An article in the LA times expands on a general intention from the current federal administration and influential high tech interests to get laptops, ipads and the like into all elementary schools. Those of you who read this blog and others that advocate a mindful (and restricted) approach to media and children, will likely cringe at the idea of computers in every classroom.
Now the good news is that the LA times article, like the NY times article of month’s previous, is critical of this initiative citing quotes like “Computers, in and of themselves, do very little to aid learning,” and that studies found that the difference in test scores between the software-using classes and the control group was “not statistically different from zero.”
Those are not opinions, those are statistics – and though statistics are only as good as the studies that breed them, numbers do have currency in general public.
My proposal is that along with all the stats and control group studies, parents around the world have their own control group study with their own children. Give them an ipad and some instruction on how to use it. Set them up with an app that teaches them a bit of American history or the water cycle or something age appropriate that they might be learning at school. Let them use it for 20 minutes and be available to answer questions. Then take the ipad away and propose to do something else. How do they respond? What was the quality of their experience? How are they relating to the content and the intentions of the lesson? Pay attention to their behavior as well as the feeling in the room. Your feelings count too. How do you feel?
Then the next day try a different approach. I propose an approach that asks more of you as educator. In this approach you need to do more work and engage yourself in the lesson. Take a similar lesson as the one taught in the app – history, science or whatever – and this time put together a short story. If the lesson is about history, tell the story of that nugget of history. If the lesson is about something scientific, tell a story about the natural world or about children experiencing the science involved. Then say, “Once upon a time” and keep talking for 15 minutes. Tell the story. When you are finished, give a little space for questions or responses and then pay attention. Ask yourself the same questions as before and note the difference in your child. Remember to pay attention to how you feel.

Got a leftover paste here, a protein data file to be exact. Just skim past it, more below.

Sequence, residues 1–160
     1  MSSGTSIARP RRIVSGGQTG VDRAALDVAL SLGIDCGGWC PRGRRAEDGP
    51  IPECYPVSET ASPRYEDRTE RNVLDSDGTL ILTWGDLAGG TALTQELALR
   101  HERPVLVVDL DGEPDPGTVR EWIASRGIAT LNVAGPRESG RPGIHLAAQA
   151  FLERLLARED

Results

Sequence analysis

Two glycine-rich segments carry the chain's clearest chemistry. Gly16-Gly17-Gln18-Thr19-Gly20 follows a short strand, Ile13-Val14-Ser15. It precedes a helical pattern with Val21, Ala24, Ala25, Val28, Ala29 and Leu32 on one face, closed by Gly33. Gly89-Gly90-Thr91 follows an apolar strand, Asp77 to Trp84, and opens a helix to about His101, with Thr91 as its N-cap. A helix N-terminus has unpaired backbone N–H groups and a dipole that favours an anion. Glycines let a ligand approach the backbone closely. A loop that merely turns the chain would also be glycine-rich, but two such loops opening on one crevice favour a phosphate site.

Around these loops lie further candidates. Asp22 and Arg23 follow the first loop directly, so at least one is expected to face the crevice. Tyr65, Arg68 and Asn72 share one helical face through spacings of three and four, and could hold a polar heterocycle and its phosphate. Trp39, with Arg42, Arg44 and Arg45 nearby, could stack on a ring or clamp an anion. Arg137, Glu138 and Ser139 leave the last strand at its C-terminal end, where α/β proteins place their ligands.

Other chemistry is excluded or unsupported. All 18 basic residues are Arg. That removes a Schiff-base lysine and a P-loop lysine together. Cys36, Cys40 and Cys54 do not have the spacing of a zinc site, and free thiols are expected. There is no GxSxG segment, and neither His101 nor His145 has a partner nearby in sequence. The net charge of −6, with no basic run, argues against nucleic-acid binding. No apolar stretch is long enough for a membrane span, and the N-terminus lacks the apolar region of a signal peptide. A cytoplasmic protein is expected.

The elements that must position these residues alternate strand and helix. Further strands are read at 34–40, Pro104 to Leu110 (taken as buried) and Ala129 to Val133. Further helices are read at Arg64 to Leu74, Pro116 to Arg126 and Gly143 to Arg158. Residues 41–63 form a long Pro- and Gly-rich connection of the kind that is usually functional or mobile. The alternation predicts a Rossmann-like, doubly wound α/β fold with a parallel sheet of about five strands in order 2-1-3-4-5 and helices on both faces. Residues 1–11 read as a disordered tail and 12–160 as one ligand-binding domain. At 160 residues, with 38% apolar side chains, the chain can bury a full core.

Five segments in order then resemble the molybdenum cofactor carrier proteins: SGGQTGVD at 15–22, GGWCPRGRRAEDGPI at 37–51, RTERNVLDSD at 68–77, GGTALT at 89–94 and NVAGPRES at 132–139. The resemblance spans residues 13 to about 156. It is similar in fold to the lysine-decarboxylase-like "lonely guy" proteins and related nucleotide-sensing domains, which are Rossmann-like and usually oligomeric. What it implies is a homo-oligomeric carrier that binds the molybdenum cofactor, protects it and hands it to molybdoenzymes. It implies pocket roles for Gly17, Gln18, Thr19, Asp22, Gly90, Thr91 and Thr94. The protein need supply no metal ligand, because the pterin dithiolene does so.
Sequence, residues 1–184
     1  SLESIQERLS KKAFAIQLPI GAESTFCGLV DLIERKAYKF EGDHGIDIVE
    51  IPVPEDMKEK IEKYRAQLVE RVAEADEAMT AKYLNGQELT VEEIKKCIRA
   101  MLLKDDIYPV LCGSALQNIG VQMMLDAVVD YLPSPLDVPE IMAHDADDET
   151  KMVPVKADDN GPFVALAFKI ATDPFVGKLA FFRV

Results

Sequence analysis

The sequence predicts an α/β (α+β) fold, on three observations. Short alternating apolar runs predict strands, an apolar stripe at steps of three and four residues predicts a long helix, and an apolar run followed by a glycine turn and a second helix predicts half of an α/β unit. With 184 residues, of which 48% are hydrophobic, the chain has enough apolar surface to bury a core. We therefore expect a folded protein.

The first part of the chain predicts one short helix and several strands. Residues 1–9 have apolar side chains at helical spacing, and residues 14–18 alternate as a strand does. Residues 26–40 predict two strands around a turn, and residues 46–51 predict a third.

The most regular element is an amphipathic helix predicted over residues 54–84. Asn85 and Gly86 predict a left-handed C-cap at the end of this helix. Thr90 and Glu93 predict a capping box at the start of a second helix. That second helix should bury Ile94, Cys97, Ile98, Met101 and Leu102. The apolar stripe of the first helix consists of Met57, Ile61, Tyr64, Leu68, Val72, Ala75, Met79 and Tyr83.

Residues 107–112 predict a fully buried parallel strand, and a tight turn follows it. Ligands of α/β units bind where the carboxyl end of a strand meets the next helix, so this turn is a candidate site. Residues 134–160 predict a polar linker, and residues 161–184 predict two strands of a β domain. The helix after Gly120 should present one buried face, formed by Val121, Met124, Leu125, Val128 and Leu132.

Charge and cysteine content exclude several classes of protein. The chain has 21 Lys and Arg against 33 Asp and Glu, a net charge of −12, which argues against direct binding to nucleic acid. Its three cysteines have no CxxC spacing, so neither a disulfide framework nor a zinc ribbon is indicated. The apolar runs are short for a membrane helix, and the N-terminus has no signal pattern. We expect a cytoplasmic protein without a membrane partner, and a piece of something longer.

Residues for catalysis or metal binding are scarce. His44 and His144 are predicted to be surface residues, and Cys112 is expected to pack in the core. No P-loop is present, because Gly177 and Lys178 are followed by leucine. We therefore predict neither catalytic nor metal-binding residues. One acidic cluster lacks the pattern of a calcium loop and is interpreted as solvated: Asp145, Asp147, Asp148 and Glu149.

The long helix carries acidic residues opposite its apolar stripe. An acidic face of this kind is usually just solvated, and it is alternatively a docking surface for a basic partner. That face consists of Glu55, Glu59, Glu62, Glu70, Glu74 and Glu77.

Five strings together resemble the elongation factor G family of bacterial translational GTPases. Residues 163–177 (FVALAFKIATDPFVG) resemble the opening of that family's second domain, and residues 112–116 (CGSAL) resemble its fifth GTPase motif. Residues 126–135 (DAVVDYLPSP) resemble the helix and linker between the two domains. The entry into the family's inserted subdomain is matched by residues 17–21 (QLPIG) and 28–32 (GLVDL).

Now – aside from the natural anxiety that comes when preparing to tell a story – please note the tone in the room and how the rest of the day goes.
I know my relationship to technology. I am so very grateful for spell check, Wikipedia, access to blogs, email and huffington post. Creating content is easy and allows me to sit in my chair and be able to find stuff out that I would not otherwise be able to find.
I also constantly battle the desire to check my email, favorite blogs, huff post updates, google analytics and my email again. It feels like a drug sometimes – like everything will be OK if I just check. That seeing a spike in activity on our website will bring me peace. But it doesn’t. It only feeds the desire for more checking.
If this lives in me – imagine what lives in a developing mind? A mind that is building entirely new neural pathways that will be the unique mental infrastructure of that child’s life. What dynamics are we allowing when we place incredibly stimulating technologies in front of young children. Dimitri Christakis, a neurologist and parent sees a definitive connection between screen time and attention deficit – because real life does not match the hyper-stimulating world of contemporary TV and computer apps.
The question is in the air and is still being justly criticized. The time is now to propose a highly conservative approach to educating children – making it a human experience. Hand held devices are only as useful as the hands that hold them – so lets start with those first. ‘Head, Heart and Hands’ is a motto that just makes sense to me.
Here is some high tech I can stand by: